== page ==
Coming to earth to fulfil so gracious a mission, he was yet homeless, and often hungry and athirst. The men of his own nation hunted him with craft and intrigue, with jealousy and hatred. They despised him because he would not tolerate their sins, and praise, and glorify, and flatter them. His purity and holiness of character were a constant rebuke to those who deceived the people with their pretentious claims of superior righteousness. He knew the wickedness of the sanctimonious religious teachers, and said to his disciples: “Except your righteousness shall exceed the righteousness of the scribes and Pharisees, ye shall in no case enter into the kingdom of heaven.” He was betrayed by one of his disciples, who opened his heart to the suggestions of the enemy, when Christ reproved him. Satan works in the same way upon human agents in our day. When sinners are reproved, the enmity of their wicked hearts is stirred into intense hatred against the reprover. Christ's stainless life was a rebuke to the world, and the world hated him. He died a most shameful death, and made a full and complete sacrifice, in order that no one might perish, but that all might come to repentance. He made an atonement for every repenting, believing soul, in order that all might find in him a sin-bearer. If those who believe in him will but practise his words, which are spirit and life; if they will follow his example, and become a precious light to the world, they will do that for the world which no human philosophy can accomplish. The lessons of Christ lay a foundation for a religion in which there is no caste,—where Jew and Gentile, free and bond, are linked in a common brotherhood, equal before God, because they are all branches of the living vine. They believe in Christ as their personal Saviour. YI August 16, 1894, par. 6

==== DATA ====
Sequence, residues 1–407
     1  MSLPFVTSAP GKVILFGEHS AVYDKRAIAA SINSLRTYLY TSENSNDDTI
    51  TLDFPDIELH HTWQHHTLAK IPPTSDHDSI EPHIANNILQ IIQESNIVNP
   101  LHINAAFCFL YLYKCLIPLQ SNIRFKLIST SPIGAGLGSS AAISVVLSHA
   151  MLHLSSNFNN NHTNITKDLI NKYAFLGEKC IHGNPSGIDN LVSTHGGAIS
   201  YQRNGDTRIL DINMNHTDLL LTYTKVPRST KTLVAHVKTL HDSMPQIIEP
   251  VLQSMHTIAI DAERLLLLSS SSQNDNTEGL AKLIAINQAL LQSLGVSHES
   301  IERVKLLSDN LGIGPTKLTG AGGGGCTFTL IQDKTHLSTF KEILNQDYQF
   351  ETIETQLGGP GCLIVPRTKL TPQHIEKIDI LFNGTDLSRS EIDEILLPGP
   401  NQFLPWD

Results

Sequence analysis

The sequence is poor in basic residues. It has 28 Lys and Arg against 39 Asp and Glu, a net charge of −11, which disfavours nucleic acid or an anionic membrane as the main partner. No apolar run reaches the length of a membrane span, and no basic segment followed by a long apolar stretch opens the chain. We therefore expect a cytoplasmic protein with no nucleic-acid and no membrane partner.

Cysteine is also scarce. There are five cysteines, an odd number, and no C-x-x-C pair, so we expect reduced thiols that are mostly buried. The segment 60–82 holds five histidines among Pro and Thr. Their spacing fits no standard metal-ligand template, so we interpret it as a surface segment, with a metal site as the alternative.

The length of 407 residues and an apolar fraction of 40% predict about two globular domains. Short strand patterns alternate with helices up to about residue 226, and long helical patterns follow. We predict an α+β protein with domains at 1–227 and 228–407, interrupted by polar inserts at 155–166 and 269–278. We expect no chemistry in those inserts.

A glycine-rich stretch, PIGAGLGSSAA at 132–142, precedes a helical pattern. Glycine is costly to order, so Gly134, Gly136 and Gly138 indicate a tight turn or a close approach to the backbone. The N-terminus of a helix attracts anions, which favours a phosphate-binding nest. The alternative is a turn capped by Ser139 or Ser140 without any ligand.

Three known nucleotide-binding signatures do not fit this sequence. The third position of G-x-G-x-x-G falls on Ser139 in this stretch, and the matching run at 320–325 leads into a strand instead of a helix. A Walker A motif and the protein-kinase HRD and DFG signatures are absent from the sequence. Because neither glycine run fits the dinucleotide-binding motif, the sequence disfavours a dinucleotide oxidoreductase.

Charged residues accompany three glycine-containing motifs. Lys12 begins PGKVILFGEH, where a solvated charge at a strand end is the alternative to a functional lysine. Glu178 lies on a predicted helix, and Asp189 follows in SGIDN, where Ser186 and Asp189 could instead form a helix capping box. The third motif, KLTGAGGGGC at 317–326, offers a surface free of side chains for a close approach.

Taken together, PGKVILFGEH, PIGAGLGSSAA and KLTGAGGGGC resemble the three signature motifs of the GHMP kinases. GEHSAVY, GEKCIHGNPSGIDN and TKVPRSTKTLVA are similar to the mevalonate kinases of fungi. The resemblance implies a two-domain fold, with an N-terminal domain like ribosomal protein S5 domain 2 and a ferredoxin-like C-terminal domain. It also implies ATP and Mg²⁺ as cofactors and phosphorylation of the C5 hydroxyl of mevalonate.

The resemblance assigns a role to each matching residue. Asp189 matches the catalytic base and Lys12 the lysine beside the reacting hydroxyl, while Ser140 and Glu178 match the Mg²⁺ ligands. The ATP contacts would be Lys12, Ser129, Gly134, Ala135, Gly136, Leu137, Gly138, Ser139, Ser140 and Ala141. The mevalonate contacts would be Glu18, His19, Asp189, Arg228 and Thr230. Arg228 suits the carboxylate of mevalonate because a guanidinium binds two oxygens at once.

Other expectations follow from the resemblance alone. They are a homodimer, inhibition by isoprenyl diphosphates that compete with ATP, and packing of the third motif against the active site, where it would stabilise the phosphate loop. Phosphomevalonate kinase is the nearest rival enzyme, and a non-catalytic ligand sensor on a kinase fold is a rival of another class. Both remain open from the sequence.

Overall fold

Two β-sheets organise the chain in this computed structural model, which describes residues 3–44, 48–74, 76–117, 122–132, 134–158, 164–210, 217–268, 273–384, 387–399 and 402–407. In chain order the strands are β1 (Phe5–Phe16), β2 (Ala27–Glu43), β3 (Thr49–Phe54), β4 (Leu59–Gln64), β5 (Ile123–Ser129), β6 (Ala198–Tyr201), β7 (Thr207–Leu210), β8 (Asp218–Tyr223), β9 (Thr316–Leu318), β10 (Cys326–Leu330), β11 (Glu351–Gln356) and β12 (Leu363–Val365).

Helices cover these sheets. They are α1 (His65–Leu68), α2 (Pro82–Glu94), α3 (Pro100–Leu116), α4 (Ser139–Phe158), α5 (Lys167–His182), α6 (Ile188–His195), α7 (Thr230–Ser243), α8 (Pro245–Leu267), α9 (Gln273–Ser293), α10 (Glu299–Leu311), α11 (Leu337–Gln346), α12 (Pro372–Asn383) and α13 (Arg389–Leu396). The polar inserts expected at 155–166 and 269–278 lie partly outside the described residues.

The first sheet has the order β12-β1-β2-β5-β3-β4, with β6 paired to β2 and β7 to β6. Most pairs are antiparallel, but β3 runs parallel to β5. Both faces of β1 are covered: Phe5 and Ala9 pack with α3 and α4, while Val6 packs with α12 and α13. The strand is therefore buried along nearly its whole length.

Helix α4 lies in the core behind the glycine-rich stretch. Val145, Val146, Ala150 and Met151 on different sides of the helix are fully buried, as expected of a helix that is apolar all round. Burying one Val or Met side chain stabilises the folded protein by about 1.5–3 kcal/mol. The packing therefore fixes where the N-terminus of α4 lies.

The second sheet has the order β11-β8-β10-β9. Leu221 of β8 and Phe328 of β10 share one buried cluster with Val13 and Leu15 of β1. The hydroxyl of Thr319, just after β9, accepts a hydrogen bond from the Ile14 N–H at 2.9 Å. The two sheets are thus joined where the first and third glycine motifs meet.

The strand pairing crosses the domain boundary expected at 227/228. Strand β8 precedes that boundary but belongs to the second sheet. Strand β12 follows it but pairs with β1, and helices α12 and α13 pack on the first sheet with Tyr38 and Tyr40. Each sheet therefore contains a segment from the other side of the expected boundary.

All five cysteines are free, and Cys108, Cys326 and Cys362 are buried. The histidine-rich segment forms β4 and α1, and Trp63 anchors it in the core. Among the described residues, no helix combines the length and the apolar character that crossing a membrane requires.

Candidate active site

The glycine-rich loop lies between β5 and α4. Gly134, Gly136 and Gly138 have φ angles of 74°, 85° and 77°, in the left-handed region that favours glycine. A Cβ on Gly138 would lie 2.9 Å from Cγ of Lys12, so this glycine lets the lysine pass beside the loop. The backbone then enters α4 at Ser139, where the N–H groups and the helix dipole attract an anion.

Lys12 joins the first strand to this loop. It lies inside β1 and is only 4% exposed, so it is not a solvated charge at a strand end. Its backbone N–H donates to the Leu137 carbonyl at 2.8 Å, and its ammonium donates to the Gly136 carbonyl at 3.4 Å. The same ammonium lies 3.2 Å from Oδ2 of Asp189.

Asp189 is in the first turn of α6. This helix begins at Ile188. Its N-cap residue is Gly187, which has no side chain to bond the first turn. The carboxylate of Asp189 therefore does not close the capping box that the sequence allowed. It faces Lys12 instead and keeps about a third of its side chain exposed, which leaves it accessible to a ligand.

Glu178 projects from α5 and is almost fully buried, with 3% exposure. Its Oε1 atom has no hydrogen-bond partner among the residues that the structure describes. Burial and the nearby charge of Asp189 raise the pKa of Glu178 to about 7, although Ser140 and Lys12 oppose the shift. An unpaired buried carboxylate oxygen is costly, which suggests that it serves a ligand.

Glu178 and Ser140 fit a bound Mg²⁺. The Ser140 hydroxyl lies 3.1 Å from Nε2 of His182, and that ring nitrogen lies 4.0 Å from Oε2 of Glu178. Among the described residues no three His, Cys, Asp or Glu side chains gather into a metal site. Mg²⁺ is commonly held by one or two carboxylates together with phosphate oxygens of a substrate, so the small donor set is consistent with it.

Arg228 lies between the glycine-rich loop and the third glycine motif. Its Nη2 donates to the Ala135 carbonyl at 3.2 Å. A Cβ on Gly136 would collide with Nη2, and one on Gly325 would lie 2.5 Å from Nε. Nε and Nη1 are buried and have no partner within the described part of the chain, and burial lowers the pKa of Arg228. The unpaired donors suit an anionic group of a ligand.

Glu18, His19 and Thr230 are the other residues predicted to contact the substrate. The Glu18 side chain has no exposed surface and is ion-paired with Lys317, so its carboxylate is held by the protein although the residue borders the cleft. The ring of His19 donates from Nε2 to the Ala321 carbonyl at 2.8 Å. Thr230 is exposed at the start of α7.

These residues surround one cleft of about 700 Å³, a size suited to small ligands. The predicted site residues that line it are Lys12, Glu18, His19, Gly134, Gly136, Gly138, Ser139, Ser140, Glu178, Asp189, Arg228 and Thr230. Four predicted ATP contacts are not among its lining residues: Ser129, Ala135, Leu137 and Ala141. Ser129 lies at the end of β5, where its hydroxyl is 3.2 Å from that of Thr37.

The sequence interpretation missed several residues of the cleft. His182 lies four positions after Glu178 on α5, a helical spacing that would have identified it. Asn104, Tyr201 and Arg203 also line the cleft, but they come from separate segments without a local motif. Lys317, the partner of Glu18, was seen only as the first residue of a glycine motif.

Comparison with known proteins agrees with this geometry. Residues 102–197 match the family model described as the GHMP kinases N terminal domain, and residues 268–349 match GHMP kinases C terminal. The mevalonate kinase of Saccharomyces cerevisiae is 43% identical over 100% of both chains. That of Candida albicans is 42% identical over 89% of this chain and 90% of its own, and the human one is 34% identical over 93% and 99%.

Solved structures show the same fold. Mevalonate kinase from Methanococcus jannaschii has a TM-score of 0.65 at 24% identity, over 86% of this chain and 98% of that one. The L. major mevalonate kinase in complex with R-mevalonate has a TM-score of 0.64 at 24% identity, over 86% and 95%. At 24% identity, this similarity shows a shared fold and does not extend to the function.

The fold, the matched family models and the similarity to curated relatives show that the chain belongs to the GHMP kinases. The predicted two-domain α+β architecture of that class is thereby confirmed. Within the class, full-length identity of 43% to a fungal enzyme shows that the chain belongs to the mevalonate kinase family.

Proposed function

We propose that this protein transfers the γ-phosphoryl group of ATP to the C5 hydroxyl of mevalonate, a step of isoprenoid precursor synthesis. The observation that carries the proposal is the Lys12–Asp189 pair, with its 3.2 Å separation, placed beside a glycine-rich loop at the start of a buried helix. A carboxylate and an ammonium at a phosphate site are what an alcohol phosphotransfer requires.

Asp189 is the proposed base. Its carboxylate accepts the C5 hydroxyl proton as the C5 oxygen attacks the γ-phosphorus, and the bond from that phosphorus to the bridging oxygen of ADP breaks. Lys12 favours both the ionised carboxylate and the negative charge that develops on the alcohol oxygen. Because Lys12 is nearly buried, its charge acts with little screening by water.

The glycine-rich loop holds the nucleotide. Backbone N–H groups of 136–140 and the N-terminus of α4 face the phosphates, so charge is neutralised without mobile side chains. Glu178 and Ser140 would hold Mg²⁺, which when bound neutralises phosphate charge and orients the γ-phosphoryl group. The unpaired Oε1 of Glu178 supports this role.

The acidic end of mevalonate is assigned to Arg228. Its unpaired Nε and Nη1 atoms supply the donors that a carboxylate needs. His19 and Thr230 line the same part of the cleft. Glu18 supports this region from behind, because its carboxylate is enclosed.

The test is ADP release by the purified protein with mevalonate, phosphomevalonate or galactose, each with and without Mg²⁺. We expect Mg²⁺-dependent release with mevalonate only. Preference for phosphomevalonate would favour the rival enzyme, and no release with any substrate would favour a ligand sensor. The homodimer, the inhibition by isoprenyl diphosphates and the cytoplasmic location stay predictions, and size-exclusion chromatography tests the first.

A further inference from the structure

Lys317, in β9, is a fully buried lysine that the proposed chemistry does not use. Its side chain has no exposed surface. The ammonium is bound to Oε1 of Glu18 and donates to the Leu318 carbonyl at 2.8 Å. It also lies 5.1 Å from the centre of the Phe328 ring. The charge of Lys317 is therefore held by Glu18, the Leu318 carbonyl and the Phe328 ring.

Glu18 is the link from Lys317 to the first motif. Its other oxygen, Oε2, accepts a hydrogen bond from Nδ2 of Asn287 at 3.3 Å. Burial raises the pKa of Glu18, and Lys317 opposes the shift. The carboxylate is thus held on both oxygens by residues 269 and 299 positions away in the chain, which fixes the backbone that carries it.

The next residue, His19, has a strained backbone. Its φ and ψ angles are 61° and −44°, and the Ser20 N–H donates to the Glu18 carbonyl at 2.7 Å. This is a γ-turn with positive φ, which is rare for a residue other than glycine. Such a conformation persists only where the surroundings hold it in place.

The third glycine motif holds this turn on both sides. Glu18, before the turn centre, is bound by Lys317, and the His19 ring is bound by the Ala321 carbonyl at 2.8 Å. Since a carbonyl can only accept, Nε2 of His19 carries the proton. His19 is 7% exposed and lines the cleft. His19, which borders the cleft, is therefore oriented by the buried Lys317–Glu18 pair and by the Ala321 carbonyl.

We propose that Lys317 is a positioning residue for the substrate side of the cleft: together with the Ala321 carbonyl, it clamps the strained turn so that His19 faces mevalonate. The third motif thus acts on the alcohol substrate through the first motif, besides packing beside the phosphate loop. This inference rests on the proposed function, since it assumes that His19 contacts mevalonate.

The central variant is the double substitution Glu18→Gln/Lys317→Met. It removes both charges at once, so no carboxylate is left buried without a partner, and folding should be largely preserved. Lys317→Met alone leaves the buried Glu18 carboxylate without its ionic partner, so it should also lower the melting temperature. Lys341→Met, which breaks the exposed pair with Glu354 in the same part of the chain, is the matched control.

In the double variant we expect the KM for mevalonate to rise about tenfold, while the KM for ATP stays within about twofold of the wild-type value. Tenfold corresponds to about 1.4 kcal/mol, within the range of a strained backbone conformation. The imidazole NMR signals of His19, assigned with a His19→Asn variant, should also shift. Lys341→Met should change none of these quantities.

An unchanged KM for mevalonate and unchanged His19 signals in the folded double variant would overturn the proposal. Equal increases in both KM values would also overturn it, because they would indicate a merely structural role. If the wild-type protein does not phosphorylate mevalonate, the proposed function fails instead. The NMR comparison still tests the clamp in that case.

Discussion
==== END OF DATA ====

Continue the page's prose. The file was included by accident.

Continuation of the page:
“My little children, these things write I unto you, that ye sin not. And if any man sin, we have an advocate with the Father, Jesus Christ the righteous: and he is the propitiation for our sins: and not for ours only, but also for the sins of the whole world.” What is the evidence that we are indeed the children of God?—“And hereby we do know that we know him, if we keep his commandments. He that saith, I know him, and keepeth not his commandments, is a liar, and the truth is not in him. But whoso keepeth his word, in him verily is the love of God perfected: hereby know we that we are in him. He that saith he abideth in him ought himself also so to walk, even as he walked.” YI August 16, 1894, par. 7

The apostle John guards every point, in order that there may be no misunderstanding in reference to the commandments to be fulfilled. He says, “Brethren, I write no new commandment unto you, but an old commandment which ye had from the beginning. The old commandment is the word which ye have heard from the beginning.” Let us open our hearts to receive the love which it is so essential that we should cultivate in order that we may fulfil the commandments of God. If sinners would contemplate the love of God, if they would look upon Jesus Christ upon whom their sins inflicted such an agony of suffering, their hearts could not but break, and they would love him whom their sins have pierced. If the living human agents, who are imbued with the love of God, would repeat to perishing souls the story of Christ crucified, many would be melted with his love, and would repent, believe, and be saved. YI August 16, 1894, par. 8

Mrs. E. G. White